Nevada has just passed SB 220, a data privacy law that permits consumers to opt-out of data sales by web operators.  The law amends Nevada’s 2017 online privacy legislation that requires website operators to make various data privacy disclosures, including categories of covered information collected, categories of third-parties with whom it shares covered information, the process for consumers to review and request changes to their covered information, the process for notification of material changes to the notice, and whether it collects covered information about an individual consumer’s online activities.

The Nevada legislation is effective on October 1, 2019, just ahead of the January 1, 2020 effective date of the California Consumer Privacy Act.  It is narrower that the CCPA as it applies to website operators and online service providers only, and to a limited dataset (e.g., name, address, email address, telephone number, SSN, individual identifiers and other information that becomes personally identifiable when combines with other information).

The Nevada law defines “sale” more narrowly than the CCPA and includes exchange of covered information for “monetary consideration” to a person “for the person to license or sell the covered information to additional persons.”  It also does not mandate the provision of a conspicuous notice of the opt-out right, such as the “Do Not Sell My Personal Information” home page link required by the CCPA. 

Importantly, the opt-out requirement applies whether a business currently sells information or not.  Thus, a business that is otherwise subject to the law would have to keep records of such request and honor them as it pertains to future activity.

One thing that the Nevada and California data privacy legislation have in common is that opt-out rights must be facilitated by an online mechanism or toll-free number and are subject to verification.  Both also provide some flexibility in terms of a process to verify the legitimacy of consumer opt-out requests.  Operators will have sixty (60) days to respond to a consumer’s do-not-sell request, though this timeline may be extended by up to thirty (30) days where the operator deems it necessary and notifies the consumer.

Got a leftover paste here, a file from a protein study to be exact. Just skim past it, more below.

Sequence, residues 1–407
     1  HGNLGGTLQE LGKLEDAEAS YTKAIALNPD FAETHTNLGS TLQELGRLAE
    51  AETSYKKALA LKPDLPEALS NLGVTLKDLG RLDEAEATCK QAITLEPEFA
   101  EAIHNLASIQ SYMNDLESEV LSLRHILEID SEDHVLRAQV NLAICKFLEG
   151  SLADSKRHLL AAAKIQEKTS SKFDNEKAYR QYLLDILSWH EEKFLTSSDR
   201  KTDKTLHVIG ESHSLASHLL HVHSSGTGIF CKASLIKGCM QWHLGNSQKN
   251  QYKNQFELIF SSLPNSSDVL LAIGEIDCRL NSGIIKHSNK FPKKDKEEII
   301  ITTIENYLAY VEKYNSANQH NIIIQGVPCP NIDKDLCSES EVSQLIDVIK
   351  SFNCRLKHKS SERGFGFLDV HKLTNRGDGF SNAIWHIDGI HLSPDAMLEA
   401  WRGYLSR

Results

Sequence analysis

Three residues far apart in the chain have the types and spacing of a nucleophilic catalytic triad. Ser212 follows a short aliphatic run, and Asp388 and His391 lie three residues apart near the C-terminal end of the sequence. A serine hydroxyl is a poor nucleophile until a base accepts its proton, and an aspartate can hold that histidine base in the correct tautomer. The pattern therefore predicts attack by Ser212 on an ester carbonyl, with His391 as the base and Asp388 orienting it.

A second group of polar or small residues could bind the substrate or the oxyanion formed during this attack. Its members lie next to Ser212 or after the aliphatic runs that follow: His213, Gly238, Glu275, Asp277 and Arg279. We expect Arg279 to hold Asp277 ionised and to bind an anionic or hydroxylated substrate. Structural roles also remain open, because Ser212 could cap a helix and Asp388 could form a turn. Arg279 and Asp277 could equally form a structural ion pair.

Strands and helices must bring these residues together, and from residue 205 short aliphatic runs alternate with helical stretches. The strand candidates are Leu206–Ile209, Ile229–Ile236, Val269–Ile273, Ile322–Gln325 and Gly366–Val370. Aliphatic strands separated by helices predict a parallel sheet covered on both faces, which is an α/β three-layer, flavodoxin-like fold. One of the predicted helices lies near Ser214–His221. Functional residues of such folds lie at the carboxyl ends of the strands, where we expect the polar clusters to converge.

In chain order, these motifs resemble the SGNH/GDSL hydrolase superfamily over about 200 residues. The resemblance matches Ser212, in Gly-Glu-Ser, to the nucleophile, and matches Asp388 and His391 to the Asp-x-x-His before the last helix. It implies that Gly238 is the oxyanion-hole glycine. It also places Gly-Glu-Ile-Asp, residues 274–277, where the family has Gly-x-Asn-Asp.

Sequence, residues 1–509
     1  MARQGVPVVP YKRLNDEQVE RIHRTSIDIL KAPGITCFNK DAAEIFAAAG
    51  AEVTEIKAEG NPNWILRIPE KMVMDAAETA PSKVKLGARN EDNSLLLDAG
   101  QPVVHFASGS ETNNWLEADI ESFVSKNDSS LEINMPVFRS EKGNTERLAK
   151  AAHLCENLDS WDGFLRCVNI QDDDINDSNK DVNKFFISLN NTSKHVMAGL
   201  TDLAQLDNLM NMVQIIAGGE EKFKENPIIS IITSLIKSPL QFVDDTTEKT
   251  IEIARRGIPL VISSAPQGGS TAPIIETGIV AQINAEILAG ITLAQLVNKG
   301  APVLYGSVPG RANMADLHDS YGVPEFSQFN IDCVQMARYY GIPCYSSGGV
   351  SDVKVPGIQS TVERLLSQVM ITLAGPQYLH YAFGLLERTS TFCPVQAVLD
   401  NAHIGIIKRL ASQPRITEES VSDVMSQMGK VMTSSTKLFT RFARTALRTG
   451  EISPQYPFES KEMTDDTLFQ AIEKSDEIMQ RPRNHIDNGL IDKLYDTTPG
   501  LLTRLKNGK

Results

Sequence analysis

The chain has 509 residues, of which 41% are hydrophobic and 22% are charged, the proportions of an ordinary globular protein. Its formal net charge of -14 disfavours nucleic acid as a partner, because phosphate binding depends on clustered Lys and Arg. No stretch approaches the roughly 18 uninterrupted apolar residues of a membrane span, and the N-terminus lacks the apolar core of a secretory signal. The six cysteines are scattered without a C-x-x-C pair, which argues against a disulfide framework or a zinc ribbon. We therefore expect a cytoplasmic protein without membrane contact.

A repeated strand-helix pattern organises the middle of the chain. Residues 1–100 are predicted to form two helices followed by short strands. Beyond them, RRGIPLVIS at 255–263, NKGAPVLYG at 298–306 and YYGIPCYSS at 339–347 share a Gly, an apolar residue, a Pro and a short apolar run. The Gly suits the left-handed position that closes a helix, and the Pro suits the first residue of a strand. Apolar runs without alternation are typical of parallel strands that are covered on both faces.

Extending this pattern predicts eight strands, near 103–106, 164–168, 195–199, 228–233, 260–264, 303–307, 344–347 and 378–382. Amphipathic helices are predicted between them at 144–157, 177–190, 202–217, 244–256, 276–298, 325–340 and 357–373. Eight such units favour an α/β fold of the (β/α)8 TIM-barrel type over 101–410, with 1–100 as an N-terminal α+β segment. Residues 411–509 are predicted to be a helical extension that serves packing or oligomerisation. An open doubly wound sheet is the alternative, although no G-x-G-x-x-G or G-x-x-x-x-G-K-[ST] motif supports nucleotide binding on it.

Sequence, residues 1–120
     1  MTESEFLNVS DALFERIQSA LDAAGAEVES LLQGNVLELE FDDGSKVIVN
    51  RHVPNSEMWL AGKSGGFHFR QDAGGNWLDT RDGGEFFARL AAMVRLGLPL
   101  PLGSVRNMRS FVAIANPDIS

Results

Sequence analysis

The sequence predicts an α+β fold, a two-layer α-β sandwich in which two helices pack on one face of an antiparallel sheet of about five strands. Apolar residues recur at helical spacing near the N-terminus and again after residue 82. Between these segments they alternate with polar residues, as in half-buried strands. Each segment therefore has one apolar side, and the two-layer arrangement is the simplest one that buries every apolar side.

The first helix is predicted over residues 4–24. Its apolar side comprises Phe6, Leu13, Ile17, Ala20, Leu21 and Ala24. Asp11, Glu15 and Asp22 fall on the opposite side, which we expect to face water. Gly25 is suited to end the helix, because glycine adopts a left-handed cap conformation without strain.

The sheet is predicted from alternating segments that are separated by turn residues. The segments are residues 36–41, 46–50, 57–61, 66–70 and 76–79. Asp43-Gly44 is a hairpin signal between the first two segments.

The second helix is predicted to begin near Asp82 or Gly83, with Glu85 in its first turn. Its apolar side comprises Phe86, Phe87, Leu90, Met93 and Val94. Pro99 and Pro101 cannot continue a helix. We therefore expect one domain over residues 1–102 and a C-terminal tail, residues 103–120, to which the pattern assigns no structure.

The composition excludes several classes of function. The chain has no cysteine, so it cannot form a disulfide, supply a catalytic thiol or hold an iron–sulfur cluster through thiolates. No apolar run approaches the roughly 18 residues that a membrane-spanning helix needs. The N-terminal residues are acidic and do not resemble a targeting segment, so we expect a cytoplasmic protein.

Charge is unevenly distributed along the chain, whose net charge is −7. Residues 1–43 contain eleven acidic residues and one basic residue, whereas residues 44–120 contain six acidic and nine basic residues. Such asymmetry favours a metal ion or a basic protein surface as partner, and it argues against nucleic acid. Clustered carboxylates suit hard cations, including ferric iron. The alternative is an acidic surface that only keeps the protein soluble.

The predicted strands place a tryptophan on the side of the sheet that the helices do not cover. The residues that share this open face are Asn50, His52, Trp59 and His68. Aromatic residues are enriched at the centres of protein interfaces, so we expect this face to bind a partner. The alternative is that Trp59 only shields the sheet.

The Nevada law exempts entities in the healthcare or financial industries that are regulated by the Health Insurance Portability and Accountability Act or the Gramm-Leach-Bliley Act, in addition to some entities in the automotive industry and some providers of online services.

It is also worth noting that Main appears to be pursuing legislation that would require opt-in consent prior to the sale of personal data.  However, the law would narrowly apply to Internet Service Providers and exclude online companies traditionally associated with the dissemination of consumer data.  The bill is an attempt to restore at the state level core provisions within the FCC’s 2016 broadband order that were repealed by Congress in 2017.  The Maine State Chamber of Commerce has opposed the bill. 

Digital marketers that seek to monetize consumer data should consult with an online data privacy lawyer to address what new U.S. state data privacy Laws mean for their businesses, to assess the extent to which they are selling covered information within the scope of this new law, to implement a consumer opt-out process, and to update online privacy notices.

The Nevada law will be enforced by the Nevada Attorney General’s Office, which can impose a penalty of up to $5,000 per violation.

Richard B. Newman is a digital marketing attorney at Hinch Newman LLP.  Follow him on LinkedIn at FTC CID attorneys.

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